Is the end of Formula 1 near?
This was the question that fans, pundits and critics asked after the 2019 French Yawn Prix – an absolute snore fest. In my view, the end is far from near, but we are in a state of transition that is almost unbearable. For the future of the sport, existing fans are taking one too many hits fortnight after fortnight while the new fans are waiting for Netflix-style competitiveness and drama to show up in 2019. If you are a newly converted fan thanks to the Netflix-F1 show, I am sorry that Formula 1 has disappointed you. The current product of Formula 1 doesn’t live up to the one that was marketed oh-so-well by the Netflix-F1 show.
Back to 2019 and Mercedes’ dominance, for those blaming the German team and Lewis Hamilton for ruining Formula 1 are completely out of their depth. Or maybe, they’re fans who don’t know better? If anything, Mercedes-Hamilton need to be applauded for bringing their A-game to Formula 1 since 2014. Yes, Valtteri Bottas too, but somehow this era will be remember for Lewis Hamilton’s record breaking drives, and also for being beaten by Nico Rosberg to the title in 2016. Does Nico Rosberg feel as though he has missed out on a once-in-a-lifetime opportunity to own some of the sport’s records? Or maybe he is just content at being labelled as the only team-mate who beat Hamilton to a Formula 1 title.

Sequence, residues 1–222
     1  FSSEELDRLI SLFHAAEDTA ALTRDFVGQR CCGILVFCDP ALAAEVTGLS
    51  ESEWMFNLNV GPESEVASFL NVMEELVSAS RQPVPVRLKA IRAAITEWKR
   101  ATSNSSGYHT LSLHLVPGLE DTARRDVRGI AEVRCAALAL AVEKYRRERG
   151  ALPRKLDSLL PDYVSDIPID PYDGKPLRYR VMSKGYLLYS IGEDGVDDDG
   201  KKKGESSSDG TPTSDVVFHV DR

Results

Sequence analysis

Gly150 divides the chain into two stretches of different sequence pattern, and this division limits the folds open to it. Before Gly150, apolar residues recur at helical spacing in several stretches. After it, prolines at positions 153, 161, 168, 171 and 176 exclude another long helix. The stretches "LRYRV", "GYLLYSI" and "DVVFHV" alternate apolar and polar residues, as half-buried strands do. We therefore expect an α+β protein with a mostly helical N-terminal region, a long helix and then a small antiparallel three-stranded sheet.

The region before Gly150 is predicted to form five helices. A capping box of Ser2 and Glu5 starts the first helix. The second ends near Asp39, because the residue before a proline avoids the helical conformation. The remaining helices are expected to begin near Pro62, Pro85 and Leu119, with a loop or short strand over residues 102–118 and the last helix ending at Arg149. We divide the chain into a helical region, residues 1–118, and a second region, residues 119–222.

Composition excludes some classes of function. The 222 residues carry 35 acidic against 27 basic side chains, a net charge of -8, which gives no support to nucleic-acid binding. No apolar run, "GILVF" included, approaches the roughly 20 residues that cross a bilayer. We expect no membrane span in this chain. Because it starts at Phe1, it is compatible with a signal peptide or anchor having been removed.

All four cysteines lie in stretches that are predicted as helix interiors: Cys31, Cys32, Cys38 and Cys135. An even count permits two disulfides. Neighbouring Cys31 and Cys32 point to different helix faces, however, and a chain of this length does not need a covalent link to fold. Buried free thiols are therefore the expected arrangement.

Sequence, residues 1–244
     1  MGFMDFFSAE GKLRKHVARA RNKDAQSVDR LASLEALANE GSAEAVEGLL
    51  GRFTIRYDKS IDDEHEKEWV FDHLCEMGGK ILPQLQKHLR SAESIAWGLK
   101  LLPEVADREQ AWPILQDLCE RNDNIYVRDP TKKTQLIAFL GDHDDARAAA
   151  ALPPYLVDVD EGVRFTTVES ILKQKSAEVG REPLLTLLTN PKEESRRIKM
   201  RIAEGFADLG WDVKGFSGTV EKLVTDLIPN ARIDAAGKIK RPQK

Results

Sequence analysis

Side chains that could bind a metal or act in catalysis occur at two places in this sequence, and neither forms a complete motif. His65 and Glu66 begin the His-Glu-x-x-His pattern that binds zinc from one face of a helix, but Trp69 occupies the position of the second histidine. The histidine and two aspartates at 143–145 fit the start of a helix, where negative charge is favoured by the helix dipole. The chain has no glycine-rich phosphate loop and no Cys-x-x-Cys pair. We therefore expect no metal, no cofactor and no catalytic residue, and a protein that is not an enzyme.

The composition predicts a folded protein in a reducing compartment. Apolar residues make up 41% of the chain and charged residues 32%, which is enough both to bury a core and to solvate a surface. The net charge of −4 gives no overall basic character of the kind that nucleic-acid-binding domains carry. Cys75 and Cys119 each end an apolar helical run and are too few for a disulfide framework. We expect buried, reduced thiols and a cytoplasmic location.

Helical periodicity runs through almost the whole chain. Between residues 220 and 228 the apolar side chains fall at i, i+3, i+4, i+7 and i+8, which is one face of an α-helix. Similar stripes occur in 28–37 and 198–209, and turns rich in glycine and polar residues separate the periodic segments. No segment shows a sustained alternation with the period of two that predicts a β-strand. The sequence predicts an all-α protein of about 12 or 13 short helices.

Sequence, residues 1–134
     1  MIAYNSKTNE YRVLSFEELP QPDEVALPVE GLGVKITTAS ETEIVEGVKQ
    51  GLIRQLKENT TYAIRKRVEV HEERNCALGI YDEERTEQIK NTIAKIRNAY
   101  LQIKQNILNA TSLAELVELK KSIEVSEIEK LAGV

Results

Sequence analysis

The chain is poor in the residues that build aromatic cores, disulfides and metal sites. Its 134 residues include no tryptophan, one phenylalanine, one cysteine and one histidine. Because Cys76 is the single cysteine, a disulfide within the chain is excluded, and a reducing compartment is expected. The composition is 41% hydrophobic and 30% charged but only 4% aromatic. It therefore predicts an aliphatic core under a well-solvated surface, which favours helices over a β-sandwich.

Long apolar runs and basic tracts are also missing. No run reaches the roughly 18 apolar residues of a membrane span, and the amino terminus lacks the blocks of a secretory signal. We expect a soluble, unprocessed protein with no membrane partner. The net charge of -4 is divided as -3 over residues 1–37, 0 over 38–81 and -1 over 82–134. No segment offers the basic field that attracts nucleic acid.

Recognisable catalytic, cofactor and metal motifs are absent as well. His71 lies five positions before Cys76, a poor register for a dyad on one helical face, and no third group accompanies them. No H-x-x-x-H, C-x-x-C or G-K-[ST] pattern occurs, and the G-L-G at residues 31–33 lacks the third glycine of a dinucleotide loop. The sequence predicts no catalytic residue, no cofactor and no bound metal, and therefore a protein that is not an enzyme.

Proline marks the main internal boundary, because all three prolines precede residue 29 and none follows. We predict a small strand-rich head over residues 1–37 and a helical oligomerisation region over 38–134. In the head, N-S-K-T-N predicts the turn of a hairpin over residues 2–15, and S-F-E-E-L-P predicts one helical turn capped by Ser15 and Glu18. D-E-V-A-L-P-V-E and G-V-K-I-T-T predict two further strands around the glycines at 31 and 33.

Who Is To Blame?
The current predicament of Formula 1 has been long coming. The unequal treatment of teams when it came to techno-commercial negotiations by the powers that ran and governed the sport is one of the biggest reasons to blame. It will take some research for one to come up with the example of another sport series in which competitors have the right to veto / vote the rules and regulations. But can Liberty Media really manage the situation come 2021? Or is the sport over-selling its 2021 agenda?
For starters, the announcement of the regulations is delayed till October 2019, so that the bigger teams don’t get an advantage over the others in terms of running dual programs – one focussing on 2020 and the other on 2021. Additionally, the fan-approved futuristic car designs might not be a part of the new regulations while the expensive and not-so-loud engines will continue to be so. Furthermore, the $175 million budget cap seems excessive – especially for a grid where nearly 60% of the current teams spend less than that amount! The bigger change that everyone is waiting to hear about is Formula 1’s attempts to make competition payments to team more equal. Formula 1 is a big ship and it might take longer to correct its course, but if the management feels that the sport is too big to fail, they could be mistaken.
The irony here is that there are relatively younger and smaller series that are pushing the bar when it comes to technological advancement while also entertaining Motorsport fans. MotoGP has long been getting its formula right, while Formula E is the new kid on the block – both operating in a far more cost controlled manner than Formula 1. Come 2025, Formula 1 cars may be regulated to deliver at least 50% of its power via electric energy. How soon before Formula 1 becomes Formula E or vice-versa?
This post was penned for the Paddock Magazine